One of the biggest surprises of the 2009 research cycle is the excellent performance of the GE test sections. Previous experience on the track has shown that sections with the same pavement layer thicknesses had fatigue cracking well before 10 million ESALs; however, none of the new GE sections have shown any forms of distress to date. . Although the GE section with the PFC surface does appear to make a structural contribution, higher strain levels in the field may be indicative of a value that is lower than that of a conventional mix. As a rehabilitation surface in another experiment, PFC mix was found to extend the performance life of underlying dense mix with a history of cracking susceptibility (especially when placed with a spray paver). Another significant rehabilitation finding resulted from the use of the thinner Kraton mix as a maintenance treatment in a nearby section that had failed rapidly following conventional rehabilitation.
Test track research is also contributing to further understanding of laboratory performance tests and modeling predictions. The NCAT lab has conducted a battery of tests on the mixes from the test sections, and researchers have carefully analyzed data using the conventional pavement design approach and mechanistic-based methods. One of the key findings is that some of the tests used to assess cracking performance use unrealistic strain levels that result in different performance rankings compared to observations in the field.
Inertial Profiler Certification
During the interim period between the end of trafficking this fall and the beginning of construction next spring, the track will be used as the test bed for an inertial profiler certification program sponsored by the Alabama Department of Transportation (ALDOT). Validations of inertial profilers from various manufacturers will be made using measurements on the inside lane at the track. Several nearby states have indicated that they will also accept certification results from this program, which will be used by ALDOT to build a qualified products list. Contractors may also take advantage of a corresponding inertial profiler serial number and technician certification program at the test track this winter.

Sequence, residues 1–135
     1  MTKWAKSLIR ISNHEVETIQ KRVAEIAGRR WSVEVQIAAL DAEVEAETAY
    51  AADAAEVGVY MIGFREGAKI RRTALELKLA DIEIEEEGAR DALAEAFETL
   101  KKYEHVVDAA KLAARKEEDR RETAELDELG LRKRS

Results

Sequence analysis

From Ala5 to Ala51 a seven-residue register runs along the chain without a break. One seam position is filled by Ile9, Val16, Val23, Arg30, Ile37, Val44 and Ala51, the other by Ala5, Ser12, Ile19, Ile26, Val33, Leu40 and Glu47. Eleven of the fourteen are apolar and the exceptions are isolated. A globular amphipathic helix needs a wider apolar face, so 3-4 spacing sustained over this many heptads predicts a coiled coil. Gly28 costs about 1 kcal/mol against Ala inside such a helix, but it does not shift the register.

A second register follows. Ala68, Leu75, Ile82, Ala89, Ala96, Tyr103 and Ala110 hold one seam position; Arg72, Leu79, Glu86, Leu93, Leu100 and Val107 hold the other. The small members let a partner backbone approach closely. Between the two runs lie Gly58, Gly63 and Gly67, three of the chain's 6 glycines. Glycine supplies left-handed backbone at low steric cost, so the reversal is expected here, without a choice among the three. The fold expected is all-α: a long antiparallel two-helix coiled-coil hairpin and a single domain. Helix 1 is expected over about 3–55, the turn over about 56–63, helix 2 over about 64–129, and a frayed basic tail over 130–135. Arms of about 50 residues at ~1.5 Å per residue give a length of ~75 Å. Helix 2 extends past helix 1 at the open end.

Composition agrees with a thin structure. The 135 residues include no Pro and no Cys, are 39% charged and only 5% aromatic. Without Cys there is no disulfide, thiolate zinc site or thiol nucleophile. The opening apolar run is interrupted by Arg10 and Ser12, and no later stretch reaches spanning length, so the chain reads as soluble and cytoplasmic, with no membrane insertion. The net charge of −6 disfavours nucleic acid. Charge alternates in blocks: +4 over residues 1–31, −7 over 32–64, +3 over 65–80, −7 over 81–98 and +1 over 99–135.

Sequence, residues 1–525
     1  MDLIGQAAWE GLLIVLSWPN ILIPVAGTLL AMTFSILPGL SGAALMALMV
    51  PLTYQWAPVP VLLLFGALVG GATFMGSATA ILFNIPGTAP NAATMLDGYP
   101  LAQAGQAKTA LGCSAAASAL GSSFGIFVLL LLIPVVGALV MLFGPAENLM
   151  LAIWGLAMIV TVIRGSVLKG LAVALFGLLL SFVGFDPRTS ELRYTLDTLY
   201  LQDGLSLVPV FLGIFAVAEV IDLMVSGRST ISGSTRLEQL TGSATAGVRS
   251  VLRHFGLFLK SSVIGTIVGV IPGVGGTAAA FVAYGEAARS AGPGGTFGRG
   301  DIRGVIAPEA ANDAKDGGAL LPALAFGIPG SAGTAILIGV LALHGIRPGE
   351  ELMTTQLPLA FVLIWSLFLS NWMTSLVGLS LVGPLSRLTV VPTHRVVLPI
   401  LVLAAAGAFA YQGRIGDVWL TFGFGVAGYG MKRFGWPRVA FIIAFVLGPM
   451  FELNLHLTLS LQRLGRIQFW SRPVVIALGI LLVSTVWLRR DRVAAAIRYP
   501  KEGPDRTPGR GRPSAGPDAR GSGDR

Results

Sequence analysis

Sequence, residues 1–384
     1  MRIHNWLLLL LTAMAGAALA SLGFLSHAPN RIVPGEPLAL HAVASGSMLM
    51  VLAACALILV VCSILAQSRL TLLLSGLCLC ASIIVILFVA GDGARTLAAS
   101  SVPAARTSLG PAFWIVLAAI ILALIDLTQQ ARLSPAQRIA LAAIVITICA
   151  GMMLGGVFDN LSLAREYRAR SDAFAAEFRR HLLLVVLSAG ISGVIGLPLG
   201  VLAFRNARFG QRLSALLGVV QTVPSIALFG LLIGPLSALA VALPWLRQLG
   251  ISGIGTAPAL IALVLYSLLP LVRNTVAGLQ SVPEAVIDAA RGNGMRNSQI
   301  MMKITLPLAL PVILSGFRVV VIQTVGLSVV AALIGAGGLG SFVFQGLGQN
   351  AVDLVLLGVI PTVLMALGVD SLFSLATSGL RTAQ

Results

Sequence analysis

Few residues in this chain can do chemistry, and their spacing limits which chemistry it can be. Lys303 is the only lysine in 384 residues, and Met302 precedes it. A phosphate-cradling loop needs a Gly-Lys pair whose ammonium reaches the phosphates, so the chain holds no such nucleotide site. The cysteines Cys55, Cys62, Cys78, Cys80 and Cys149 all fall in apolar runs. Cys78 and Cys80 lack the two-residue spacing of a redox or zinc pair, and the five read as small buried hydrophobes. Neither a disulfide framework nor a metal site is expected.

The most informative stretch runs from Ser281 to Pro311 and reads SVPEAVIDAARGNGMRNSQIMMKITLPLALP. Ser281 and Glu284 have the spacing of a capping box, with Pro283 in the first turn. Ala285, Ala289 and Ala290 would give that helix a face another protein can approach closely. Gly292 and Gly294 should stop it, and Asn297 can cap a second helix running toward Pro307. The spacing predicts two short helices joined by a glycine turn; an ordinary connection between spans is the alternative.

Fifth Cycle to Begin Summer 2012
Plans are being made for the next research cycle at the test track. Removal of discontinued sections is planned for next spring, and construction of new sections should be complete by the end of summer, allowing trafficking to begin in August 2012.
The focus of research for the test track’s fifth cycle will be exploring ways to help transportation dollars go further. Pavement preservation techniques will likely be a key component of the research plan, including thin overlays and inlays, microsurfacing, chip seals, and other surface treatments. Alternative binders and binder modifiers, such as GTR, are also expected to be a research focus. Another area of concern is the durability of drainable surface courses, specifically improving joint performance, eliminating raveling and evaluating tack coats. High percentages of recycling—both RAP and (recycled asphalt shingles) RAS—will also be a major focus of the 2012 track.
Since its original construction in 2000, the NCAT Pavement Test Track has been providing practical solutions for building and maintaining long-lasting, cost-effective roads. Federal and state agencies, as well as private sector organizations, benefit from the timely, real-world research conducted at the track. For more information on becoming a test track sponsor, contact Buzz Powell at 334.844.6857.